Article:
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01.12.2017 | Research article | Ausgabe 1/2017 Open Access

BMC Public Health 1/2017

Recruitment strategies in a prospective longitudinal family study on parents with obesity and their toddlers

BMC Public Health > Ausgabe 1/2017
Sarah Bergmann, Anja Keitel-Korndörfer, Katharina Herfurth-Majstorovic, Verena Wendt, Annette M. Klein, Kai von Klitzing, Matthias Grube



Recruitment of participants with obesity is a real challenge. To reduce time and costs in similar projects, we investigated various recruiting strategies used in a longitudinal family study with respect to their enrolment yield and cost effectiveness. Results may help other research groups to optimize their recruitment strategies.


We applied different recruitment strategies to acquire families with children aged 6 to 47 months and at least one parent with obesity (risk group) or two parents of normal weight (control group) for a longitudinal non-interventional study. Based on four main strategies-via media, kindergartens, health professionals and focusing on the community-we examined 15 different subcategories of strategies. Based on enrolment yield and relative costs (e.g., material expenses, staff time) we analyzed the effectiveness of each recruitment strategy.


Following different recruitment approaches, 685 families contacted us; 26% (n = 178) of these met the inclusion criteria. Of the four main strategies, the community-focused strategy was the most successful one (accounting for 36.5% of the sample) followed by contacts with kindergartens (accounting for 28.1% of the sample). Of the subcategories, two strategies were outstanding: Posters (community-focused strategies), and recruitment via kindergartens using phone contacts rather than emailing. Only a small number of participants were recruited via announcements in newspapers (lower cost strategy), advertisements on public transport or face-to-face recruitment at various places (higher cost strategies).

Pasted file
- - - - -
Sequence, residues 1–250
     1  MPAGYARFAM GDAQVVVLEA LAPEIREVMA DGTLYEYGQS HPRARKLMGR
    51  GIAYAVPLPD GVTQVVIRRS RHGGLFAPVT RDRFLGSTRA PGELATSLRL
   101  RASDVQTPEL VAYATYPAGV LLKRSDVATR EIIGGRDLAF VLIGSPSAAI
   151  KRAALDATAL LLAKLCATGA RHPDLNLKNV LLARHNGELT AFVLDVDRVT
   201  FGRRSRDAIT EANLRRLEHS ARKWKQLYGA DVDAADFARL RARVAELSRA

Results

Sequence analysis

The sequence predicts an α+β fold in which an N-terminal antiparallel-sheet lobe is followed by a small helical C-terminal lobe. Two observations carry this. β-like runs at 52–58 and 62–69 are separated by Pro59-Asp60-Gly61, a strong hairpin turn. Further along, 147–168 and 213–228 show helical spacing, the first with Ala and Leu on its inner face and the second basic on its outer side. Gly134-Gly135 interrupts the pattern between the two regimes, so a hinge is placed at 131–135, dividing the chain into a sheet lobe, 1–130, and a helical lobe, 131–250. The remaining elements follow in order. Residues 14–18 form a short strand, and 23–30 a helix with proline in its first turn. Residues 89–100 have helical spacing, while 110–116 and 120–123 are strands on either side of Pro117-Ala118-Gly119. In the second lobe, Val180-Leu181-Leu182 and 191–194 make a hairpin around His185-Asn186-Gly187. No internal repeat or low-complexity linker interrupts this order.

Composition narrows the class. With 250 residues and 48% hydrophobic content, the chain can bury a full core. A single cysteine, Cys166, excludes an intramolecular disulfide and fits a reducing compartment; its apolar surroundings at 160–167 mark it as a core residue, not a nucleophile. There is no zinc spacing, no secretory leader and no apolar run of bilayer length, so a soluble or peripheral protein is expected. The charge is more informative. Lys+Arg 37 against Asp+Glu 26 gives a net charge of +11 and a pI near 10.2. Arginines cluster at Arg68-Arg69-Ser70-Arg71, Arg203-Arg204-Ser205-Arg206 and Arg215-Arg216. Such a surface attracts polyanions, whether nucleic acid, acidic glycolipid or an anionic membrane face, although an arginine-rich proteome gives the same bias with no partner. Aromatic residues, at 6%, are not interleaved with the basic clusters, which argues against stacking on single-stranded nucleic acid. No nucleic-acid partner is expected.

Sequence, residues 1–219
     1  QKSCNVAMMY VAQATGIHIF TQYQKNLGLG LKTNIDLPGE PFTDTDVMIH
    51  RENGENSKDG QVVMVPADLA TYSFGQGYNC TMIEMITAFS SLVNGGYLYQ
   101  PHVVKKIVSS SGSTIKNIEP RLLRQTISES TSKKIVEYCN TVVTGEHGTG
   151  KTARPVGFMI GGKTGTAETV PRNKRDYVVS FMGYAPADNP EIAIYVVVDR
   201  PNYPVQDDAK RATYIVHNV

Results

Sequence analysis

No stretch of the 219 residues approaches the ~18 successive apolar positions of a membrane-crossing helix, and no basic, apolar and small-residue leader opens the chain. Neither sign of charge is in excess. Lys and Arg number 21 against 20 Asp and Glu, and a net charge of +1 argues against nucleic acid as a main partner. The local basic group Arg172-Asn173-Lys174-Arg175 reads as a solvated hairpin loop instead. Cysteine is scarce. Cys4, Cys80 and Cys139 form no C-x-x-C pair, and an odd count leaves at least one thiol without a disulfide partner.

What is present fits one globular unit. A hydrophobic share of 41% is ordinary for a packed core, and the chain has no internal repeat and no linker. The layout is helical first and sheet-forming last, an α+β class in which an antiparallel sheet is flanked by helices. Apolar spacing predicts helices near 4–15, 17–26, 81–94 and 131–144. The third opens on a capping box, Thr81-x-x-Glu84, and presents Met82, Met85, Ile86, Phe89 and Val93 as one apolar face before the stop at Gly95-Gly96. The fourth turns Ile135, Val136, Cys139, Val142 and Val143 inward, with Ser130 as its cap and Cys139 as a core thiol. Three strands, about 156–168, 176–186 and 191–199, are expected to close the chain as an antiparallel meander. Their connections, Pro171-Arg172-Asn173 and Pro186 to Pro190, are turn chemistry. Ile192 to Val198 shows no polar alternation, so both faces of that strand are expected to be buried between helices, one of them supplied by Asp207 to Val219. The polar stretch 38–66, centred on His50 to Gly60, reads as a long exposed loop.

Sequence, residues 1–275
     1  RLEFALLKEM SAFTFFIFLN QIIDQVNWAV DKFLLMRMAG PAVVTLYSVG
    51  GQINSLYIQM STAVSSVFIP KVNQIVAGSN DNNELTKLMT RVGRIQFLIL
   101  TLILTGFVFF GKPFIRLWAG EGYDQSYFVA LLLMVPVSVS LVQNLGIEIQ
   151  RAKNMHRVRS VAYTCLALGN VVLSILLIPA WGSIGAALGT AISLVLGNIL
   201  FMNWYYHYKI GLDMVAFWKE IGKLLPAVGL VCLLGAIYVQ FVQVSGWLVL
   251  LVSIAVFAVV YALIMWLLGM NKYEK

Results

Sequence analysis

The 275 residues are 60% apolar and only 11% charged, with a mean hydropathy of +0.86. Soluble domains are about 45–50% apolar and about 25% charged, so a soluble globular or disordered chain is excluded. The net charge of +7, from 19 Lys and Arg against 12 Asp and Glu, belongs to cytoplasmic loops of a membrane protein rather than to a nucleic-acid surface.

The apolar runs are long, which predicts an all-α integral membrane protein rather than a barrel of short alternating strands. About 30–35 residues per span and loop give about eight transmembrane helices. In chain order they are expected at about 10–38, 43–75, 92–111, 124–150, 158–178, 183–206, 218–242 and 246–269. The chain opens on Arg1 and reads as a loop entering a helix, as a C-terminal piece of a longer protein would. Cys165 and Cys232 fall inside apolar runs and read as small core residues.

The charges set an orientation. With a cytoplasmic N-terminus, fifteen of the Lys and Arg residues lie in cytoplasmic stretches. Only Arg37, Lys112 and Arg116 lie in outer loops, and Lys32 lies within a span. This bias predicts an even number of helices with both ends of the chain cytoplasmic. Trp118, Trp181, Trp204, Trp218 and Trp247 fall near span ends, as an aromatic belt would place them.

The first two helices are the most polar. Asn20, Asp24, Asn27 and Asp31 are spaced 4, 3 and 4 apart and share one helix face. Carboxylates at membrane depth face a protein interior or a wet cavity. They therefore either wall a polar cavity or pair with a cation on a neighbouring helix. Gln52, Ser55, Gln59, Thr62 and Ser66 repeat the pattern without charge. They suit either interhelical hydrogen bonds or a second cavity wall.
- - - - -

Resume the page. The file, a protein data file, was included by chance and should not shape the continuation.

Results revealed that only a combination of different active and passive methods and approaches led to a sufficient sample size. In this study, recruitment via posters and contacting kindergartens on the phone produced the highest numbers of participants (high enrolment yield) at moderate costs.
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